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The title explains it all.

Yes I know and I have read the:

From Stack Exchange Inc. We welcome questions that are clear and specific, representing real problems that you face; Stack Exchange is not the place for conversation, opinions, or socializing.

Let me be clear this is not an attempt to socialise or chat, but an attempt to improve this site(s).

This is an attempt to answer some of the questions how to successfully moderate = interact with your users in oder to make the SE Inc. more successful.

Some of the Questions get closed or deleted with reference to read he FAQ (dummy).

Already here it is clear that the system needs improvement, in not Deleting (CLOSING) but rather MOVING the discussion to a proper place.

Example: If I think of a (new) person as a customer, I would explain to them the way to the toilet in the restaurant. If I think of them as a User (a walk in from the street), I will not, or tell them to follow the FAQ (the signs).

The question and the argument here is:

Are the users also the customers of stack exchange, inc, and should be treated as such. I believe they are, even if they do not pay for it (I do not pay for Facebook or Twitter).

Once that is cleared many topics on how to moderate would be easier to answer.

But then I might be completely wrong, thus my Question "customer or not"?

Just to add some facts: http://www.stanford.edu/class/ee204/Publications/Finding%20a%20Growth%20Business%20Model%20at%20Stack%20Overflow.pdf

I have also forwarded this question to the Michael Pryor - CFO.

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closed as not constructive by Mad Scientist, hims056, bluefeet, Diago, psubsee2003 Apr 3 '13 at 10:31

As it currently stands, this question is not a good fit for our Q&A format. We expect answers to be supported by facts, references, or expertise, but this question will likely solicit debate, arguments, polling, or extended discussion. If you feel that this question can be improved and possibly reopened, visit the help center for guidance.If this question can be reworded to fit the rules in the help center, please edit the question.

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Customer implies payment. That is, you are a customer if you paid for the service. Are you a customer? –  Oded Apr 3 '13 at 8:50
    
Terminology ! If they are treated as customer would you treat the differently. How do you think SE inc. gets they founding? On basis of what? Facebook went Public and the owners made a lots of money (from not paying customers)? SE inc. has exactly the same intentions (business plan). –  Benalmadena Apr 3 '13 at 9:07
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Terminology is important. If you didn't pay for the service, why do you have expectations that you are owed anything? –  Oded Apr 3 '13 at 9:11
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If Stack Exchange owes somebody something, it's the community of expert answerers who provide value to the site, and make it a valuable resource. Those experts are frequently annoyed when people repeatedly post off-topic questions. So closing them is a kind of customer service. –  Pëkka Apr 3 '13 at 9:21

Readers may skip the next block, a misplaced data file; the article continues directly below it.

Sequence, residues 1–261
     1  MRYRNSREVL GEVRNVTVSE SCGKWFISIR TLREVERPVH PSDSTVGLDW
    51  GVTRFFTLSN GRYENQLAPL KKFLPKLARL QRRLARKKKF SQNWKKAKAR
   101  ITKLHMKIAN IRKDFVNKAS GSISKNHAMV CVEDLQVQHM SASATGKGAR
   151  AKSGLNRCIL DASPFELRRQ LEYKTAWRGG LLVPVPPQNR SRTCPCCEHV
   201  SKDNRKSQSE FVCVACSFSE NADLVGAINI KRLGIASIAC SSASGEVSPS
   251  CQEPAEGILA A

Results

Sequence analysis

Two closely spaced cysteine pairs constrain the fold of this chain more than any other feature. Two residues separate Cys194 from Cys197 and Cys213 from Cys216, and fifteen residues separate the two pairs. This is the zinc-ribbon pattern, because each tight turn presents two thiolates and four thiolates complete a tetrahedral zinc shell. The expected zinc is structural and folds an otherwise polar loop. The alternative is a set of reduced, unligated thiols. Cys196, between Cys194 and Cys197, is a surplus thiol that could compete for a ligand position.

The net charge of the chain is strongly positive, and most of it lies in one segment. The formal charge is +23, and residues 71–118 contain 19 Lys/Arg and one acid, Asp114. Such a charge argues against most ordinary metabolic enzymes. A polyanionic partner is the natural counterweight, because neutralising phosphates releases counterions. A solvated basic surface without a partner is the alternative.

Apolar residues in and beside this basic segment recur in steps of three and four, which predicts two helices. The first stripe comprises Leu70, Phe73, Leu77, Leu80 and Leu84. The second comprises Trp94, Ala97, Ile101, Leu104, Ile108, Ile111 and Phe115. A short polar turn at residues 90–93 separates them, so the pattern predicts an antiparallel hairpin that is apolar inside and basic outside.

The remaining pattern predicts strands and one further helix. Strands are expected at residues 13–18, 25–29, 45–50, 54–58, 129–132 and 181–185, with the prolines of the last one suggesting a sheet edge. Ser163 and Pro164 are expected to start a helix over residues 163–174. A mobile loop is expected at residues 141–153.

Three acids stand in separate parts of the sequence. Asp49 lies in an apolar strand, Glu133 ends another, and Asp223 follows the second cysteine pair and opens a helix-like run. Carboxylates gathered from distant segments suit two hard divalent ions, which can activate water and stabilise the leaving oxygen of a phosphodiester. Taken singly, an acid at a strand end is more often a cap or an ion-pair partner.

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@Benalmadena: "Terminology !" Yes; it's called language. If you use the wrong words, people get the wrong idea. So be specific on what you're talking about. –  Nicol Bolas Apr 3 '13 at 9:31
    
THey are not paid –  user2151779 Apr 3 '13 at 18:47
    
Yes they are! your management uses us to get more money! So if I work somewhere for free, to create a wealth for someone, am I a slave or what would you call that. –  Benalmadena Apr 3 '13 at 19:24
    
If you feel like a slave go to other sites. It's that easy. Nobody is holding you here or anywhere over the internet. For the record at first I thought you have a point here and upvoted this, now I understand your real motive and strongly disagree thus reverted my vote. –  Shadow Wizard Apr 3 '13 at 22:09
    
an example for user vs customer respect: closed as not constructive by Mad Scientist, hims056, bluefeet, Diago, psubsee2003 23 hours ago As it currently stands, this question is not a good fit for our Q&A format. We expect answers to be supported by facts, references, or specific expertise, but this question will likely solicit debate, arguments, polling, or extended discussion. ** It is tagged Discussion! A tag for questions that may not necessarily have a clear-cut right or wrong answer and are often subjective. If it's not a bug or feature-request, it is probably a discussion. –  Benalmadena Apr 4 '13 at 10:57
    
See: meta.stackexchange.com/questions/107073/… for reasons why closing as "Not Constructive" is used on Meta. –  LittleBobbyTables Apr 4 '13 at 13:26
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3 Answers

up vote 11 down vote accepted

I think the question itself is one of semantics and ultimately is irrelevant. Your basic question is about how someone should be treated by the staff and other patrons of SO.

Well, consider this: